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1 July 2007 Implementation of Control and Prevention Strategies for Managing Cogongrass (Imperata cylindrica) by the Georgia Invasive Species Task Force
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With only 49 known infestations, cogongrass, Imperata cylindrica (L.) Beauv., is an emerging invasive species in Georgia. To facilitate cooperation in all areas of management, both of cogongrass and other invasive species, state and federal agencies, university personnel, and Georgia Exotic Pest Plant Council members have combined to form the Georgia Invasive Species Task Force. The task force has adopted a four-fold approach to managing cogongrass in Georgia: (1) management of known infestations, (2) discovery of any existing but unknown infestations, (3) reduction of pathways of spread, and (4) preparation for new infestations. United States Department of Agriculture, Animal and Plant Health Inspection Service - Plant Protection and Quarantine, or Georgia Forestry Commission personnel are currently administering control efforts on known infestations. University of Georgia faculty and staff are maintaining a database of known infestations and have created an online mapping program of their locations. Plans are underway to implement on-the-ground and remote sensing surveys to aid in discovering new infestations. Workshops, educational materials, and press releases are all being used to inform and educate the public on this new threat. To prepare for the inevitable increase in new infestations, the Georgia Invasive Species Task Force is developing protocols for handling new finds, initiating a land-owner assistance program, and training agency and Extension agents on identification, management, and control of cogongrass.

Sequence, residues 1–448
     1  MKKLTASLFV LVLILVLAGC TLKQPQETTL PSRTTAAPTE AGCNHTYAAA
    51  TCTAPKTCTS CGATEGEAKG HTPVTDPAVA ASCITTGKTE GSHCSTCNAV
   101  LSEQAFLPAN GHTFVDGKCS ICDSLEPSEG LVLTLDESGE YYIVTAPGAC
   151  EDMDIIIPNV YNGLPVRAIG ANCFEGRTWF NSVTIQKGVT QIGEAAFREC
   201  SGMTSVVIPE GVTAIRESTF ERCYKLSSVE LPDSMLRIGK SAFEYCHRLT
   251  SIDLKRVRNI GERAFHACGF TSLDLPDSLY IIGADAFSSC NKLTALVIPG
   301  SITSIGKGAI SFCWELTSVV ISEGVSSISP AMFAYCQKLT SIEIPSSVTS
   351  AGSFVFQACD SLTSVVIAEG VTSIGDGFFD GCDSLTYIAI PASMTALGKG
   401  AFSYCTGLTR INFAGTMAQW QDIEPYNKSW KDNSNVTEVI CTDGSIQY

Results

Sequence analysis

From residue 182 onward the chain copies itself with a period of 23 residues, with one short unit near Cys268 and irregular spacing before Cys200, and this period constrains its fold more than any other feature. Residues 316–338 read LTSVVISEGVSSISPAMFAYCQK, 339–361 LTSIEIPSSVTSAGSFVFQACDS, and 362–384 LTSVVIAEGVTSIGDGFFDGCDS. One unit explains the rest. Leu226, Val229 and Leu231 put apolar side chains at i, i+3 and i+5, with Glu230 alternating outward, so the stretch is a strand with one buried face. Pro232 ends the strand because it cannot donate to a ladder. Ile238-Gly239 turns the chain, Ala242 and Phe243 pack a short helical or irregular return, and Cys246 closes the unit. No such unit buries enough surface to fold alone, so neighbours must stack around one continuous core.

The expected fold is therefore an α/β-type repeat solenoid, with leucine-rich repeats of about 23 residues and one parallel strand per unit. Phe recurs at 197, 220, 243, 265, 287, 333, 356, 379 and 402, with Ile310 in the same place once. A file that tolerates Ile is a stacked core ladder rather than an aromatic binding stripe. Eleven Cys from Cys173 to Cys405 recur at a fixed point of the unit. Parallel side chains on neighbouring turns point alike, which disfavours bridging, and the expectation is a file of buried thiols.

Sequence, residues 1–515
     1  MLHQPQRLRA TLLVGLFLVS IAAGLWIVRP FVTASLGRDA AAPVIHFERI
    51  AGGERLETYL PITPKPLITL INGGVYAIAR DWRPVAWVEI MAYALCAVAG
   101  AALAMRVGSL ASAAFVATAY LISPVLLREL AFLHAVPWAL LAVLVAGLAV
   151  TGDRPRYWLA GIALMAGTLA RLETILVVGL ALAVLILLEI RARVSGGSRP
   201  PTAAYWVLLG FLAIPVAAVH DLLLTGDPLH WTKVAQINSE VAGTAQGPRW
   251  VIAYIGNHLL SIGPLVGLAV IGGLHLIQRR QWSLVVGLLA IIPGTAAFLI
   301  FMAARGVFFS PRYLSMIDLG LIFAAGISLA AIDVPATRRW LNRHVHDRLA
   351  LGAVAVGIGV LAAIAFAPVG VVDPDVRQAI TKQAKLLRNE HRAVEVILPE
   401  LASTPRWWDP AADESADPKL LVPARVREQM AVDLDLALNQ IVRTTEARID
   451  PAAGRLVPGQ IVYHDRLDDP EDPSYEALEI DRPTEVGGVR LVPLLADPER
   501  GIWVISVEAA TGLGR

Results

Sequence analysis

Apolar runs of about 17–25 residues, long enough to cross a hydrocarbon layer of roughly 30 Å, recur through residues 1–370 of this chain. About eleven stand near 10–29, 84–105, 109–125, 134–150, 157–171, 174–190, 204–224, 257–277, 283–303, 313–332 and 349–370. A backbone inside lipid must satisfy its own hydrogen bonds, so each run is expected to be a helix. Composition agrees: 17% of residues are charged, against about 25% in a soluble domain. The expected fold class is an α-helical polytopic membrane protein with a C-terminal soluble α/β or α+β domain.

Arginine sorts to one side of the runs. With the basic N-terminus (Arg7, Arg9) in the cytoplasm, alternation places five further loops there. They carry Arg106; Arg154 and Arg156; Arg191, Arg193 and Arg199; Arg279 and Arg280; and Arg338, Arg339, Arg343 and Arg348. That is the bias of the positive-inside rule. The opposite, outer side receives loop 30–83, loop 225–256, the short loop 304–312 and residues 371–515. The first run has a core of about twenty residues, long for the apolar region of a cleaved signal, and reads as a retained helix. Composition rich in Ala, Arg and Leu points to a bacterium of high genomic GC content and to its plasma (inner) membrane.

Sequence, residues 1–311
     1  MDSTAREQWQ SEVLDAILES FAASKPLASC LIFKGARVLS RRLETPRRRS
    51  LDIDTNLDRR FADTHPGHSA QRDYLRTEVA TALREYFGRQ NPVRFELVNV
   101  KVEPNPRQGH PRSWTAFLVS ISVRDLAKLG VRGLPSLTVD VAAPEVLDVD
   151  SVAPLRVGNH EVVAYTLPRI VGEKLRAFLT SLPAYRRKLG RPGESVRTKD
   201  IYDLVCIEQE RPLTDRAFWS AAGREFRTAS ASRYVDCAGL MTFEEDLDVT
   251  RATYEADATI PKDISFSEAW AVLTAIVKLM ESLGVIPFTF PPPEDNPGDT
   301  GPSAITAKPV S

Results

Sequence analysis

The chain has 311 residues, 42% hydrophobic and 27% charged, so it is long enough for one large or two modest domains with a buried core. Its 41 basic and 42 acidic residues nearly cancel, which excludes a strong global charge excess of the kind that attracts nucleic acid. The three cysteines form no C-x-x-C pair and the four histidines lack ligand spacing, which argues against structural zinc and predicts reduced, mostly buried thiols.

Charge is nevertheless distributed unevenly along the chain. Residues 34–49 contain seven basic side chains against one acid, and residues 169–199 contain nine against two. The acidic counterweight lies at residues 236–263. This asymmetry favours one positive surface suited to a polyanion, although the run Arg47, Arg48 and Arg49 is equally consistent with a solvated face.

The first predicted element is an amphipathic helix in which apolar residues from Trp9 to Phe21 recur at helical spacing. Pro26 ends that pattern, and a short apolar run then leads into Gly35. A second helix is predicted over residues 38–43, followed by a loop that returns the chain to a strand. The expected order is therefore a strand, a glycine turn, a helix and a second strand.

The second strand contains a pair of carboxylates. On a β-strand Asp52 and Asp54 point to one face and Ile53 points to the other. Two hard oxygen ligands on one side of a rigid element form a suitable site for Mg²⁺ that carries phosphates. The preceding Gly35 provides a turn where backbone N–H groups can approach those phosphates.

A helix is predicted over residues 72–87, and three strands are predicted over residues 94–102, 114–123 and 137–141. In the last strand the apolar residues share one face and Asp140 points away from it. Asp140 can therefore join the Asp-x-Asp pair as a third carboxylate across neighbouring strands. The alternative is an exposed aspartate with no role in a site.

Christopher W. Evans, David J. Moorhead, Charles T. Bargeron, and G. Keith Douce "Implementation of Control and Prevention Strategies for Managing Cogongrass (Imperata cylindrica) by the Georgia Invasive Species Task Force," Natural Areas Journal 27(3), 226-231, (1 July 2007).[226:IOCAPS]2.0.CO;2
Published: 1 July 2007

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